6 Tips to Help Families Cope With Substance Use Disorder
In 2018, roughly six percent of American adults were dependent on alcohol or had difficulties relating to alcohol use. That same year more than 11% of Americans aged 12 or older reported using an illicit drug in the prior month.
These figures reflect millions of people who are struggling with substance abuse and addiction. All of them have family and friends who are hoping and praying for their recovery. Families play an essential part in the healing process and spouses, siblings, parents, children, friends, and others should know how to cope if they feel stressed.
#1 Learn as Much as Possible About Addiction
Education about addiction can help family members to stop blaming each other. Weakness, willfulness, or stubbornness may not be the cause of the person’s substance use disorder. Understanding that addiction is not a choice may help you let go of your anger and hatred toward your loved one.
Many online resources exist to educate families on addiction. Most bookstores also stock books on addiction chemistry and addiction therapy science. That kind of knowledge might make a family feel hopeful about their loved one’s recovery journey.
#2 Go to Family Therapy Sessions
Spouses, siblings, and parents often bear the brunt of their loved one’s addiction struggles. Many people are afraid to speak freely about harmful behavior so they remain silent. Tired of battling with a loved one, family members can grow distant. A family member may blame themself or their loved one for their own suffering.
Family members may lack the tools and energy to aid someone in active rehabilitation. Family therapy programs aim to reduce distrust and shame by allowing everyone to be heard. They can assist family members in understanding each other and resolving conflicts peacefully. Through family therapy, anger and addiction can be transformed into close-knit families with their members supporting one another through open communication and healthy boundaries.
#3 Manage Expectations
Addiction-related behaviors and patterns might take a long time to change. Likewise, a person may feel frustrated with the rehabilitation process. In the process of recovery, a relapse can be demoralizing. It’s important to remember that relapse does not indicate failure for your loved one or you. Relapse is an aspect of rehabilitation from addiction. While actions can be taken to avoid relapse, rehabilitation is a lifelong path with ups and downs.
It’s critical to control your own and others’ expectations. Relationships take time and work to heal. Even if things aren’t ideal, working towards a drug-free existence can make them more meaningful.
#4 Stay in Touch With Personal Joy
Managing expectations is easier when people are in charge of their happiness. This means that everyone in a recovering family ought to take the time to relax and enjoy themselves. This could include:
- Playing an instrument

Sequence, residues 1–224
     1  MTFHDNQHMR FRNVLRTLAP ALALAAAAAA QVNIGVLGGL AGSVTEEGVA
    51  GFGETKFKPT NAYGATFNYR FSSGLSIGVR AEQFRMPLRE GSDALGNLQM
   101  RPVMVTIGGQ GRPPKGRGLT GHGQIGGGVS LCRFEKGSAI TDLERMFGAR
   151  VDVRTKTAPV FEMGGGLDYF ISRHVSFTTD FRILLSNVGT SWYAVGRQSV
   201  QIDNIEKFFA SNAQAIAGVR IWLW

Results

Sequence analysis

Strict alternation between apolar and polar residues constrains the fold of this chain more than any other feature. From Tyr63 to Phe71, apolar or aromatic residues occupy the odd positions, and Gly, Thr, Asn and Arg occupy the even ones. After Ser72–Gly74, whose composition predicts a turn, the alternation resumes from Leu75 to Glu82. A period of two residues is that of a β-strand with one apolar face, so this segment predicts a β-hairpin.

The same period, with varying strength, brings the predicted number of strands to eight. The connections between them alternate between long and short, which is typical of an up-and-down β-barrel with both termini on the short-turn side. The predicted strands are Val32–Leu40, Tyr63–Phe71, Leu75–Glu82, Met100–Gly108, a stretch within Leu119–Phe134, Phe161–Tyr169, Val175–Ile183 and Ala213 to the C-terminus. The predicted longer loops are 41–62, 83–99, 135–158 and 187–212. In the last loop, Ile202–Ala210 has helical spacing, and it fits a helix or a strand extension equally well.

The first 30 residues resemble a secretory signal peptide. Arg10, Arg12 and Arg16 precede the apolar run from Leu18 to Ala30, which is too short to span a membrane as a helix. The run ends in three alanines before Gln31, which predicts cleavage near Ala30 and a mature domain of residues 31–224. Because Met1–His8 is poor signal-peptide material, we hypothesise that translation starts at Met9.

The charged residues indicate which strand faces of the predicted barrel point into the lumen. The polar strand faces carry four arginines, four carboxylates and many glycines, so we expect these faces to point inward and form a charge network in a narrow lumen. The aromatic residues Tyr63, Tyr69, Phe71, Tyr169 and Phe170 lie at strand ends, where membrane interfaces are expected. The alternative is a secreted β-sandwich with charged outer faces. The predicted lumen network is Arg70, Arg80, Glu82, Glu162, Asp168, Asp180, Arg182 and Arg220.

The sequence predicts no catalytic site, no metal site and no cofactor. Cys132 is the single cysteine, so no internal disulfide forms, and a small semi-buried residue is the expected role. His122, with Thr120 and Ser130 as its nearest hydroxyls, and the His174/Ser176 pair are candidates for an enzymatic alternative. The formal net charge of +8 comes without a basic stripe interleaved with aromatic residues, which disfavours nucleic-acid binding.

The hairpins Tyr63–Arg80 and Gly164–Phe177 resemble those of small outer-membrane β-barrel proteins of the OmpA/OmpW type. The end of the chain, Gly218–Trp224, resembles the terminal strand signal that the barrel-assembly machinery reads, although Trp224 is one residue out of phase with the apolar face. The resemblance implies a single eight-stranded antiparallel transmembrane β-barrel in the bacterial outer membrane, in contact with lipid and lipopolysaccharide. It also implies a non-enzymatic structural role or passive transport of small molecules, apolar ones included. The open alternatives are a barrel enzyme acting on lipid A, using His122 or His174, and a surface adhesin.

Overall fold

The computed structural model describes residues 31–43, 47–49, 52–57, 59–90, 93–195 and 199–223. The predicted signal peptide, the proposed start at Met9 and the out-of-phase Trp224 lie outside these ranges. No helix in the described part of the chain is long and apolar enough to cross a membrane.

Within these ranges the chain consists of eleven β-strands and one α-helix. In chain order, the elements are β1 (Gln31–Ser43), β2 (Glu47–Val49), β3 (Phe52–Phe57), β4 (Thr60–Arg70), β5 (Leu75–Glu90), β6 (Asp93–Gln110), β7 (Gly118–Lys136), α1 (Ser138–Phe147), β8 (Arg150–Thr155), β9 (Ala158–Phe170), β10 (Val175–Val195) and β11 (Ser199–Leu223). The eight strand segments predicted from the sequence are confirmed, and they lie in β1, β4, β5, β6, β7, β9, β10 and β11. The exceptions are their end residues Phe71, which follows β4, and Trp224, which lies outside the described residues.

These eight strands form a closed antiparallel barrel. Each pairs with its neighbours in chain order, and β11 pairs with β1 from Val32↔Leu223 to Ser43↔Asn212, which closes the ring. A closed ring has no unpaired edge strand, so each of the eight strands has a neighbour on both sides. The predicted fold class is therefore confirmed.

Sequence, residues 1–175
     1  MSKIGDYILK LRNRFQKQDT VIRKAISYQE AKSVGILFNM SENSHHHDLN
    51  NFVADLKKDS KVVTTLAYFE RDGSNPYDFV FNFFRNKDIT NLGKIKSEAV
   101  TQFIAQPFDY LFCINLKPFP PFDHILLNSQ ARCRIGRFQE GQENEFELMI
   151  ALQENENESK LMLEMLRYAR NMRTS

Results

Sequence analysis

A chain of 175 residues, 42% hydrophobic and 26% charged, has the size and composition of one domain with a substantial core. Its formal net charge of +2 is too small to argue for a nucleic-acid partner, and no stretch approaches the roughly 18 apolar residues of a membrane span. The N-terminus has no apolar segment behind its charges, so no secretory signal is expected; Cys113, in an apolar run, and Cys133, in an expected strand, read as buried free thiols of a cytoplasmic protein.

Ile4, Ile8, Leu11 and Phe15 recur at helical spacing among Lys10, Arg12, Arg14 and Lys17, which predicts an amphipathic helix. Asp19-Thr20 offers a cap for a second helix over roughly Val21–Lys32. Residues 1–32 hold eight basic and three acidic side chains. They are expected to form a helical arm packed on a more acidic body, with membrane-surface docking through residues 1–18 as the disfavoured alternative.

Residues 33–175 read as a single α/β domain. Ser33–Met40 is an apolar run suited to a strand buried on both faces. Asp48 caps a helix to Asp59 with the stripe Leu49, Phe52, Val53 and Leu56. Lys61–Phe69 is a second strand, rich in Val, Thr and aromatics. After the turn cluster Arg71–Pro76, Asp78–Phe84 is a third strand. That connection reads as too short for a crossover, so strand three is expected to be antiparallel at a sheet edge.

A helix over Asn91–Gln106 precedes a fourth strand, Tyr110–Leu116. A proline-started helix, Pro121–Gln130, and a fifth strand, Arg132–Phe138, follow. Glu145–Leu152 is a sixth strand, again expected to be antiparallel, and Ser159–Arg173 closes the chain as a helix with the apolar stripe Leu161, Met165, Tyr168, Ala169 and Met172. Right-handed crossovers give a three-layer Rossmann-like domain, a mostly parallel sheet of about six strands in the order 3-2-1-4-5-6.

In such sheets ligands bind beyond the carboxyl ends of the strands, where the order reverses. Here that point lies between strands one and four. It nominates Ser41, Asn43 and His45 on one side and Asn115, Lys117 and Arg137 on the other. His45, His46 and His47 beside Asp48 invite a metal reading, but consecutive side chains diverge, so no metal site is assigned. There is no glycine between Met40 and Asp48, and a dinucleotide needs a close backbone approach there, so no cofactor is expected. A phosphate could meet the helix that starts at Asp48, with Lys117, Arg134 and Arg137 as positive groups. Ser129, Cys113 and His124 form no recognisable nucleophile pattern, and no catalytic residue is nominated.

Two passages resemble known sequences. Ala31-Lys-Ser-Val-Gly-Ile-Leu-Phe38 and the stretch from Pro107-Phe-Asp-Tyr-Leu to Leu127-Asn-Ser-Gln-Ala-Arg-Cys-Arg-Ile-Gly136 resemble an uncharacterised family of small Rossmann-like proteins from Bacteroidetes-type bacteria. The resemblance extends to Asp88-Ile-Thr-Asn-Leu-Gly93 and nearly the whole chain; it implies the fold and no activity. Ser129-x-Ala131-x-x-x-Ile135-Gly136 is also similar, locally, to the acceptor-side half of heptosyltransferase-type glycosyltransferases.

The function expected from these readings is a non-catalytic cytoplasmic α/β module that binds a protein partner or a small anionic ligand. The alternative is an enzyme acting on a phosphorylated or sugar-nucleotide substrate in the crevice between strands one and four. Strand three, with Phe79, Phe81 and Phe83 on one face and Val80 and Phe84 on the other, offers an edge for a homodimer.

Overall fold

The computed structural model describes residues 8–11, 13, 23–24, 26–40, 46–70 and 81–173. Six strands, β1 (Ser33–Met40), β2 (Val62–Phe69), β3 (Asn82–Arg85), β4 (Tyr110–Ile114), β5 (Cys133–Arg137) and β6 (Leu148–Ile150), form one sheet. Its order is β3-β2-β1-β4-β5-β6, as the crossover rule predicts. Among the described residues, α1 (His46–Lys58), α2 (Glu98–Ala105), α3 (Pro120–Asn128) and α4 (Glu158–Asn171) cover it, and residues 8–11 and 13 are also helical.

- Taking nature photographs
- Volunteering with animals
- Playing with children
These activities can make the participant feel happy, preserve a sense of efficacy and worth, and help boost mental health.
#5 Get Regular Exercise
Exercise routines like jogging in the morning and swimming in the evening may not be suitable for every family, but they can provide significant benefits such as reducing stress and depression. According to a 2014 Stress in America survey, 43% of adults exercise to help relieve stress.
Stretching and tensing muscles cause the brain to produce pleasure chemicals like dopamine and oxytocin. High-energy exercise sessions can help families let off steam in a safe way that doesn’t damage others or leave scars. They can run instead of yell at each other. Meanwhile, something such as yoga can replace pacing. Regular exercise is a great approach to remain on track with recovery and it’s simple to start.
#6 Adhere to a Formal Sleep/Wake Schedule
Some of the most harmful addictive behaviors occur at night. People struggling with substance use disorder can meet dealers, overdose, stagger home from parties, or cause other problems for family members at this time. It’s no wonder that some families in recovery have trouble sleeping. Their brains are poised for the next nocturnal catastrophe.
Regular sleep loss might impede recuperation and lead to increased levels of anger, stress, depression, and mental weariness. Families can better support the healing process if they are physically and mentally rejuvenated. Regular bedtimes and wake times can help prepare the brain for deep sleep.
Addiction-affected families do not have to walk the road to recovery alone. Friends and family members who keep informed and maintain their mental and physical health are more able to deal with addiction, assist their loved ones, and put their families on the road to long-term recovery. If you have any concerns regarding family resources, the recovery process, or tailored addiction treatment alternatives that could be suitable for your loved one, please contact us right away. Mountain Peak Recovery is one of the several outstanding treatment centers that offer assistance to both the addict and their family. Our treatment teams have developed a series of programs aimed at patients’ relatives, including family weekends that provide educational seminars on addiction for family members. We also provide both group and individual therapy sessions. Call us today at (801) 824-8829.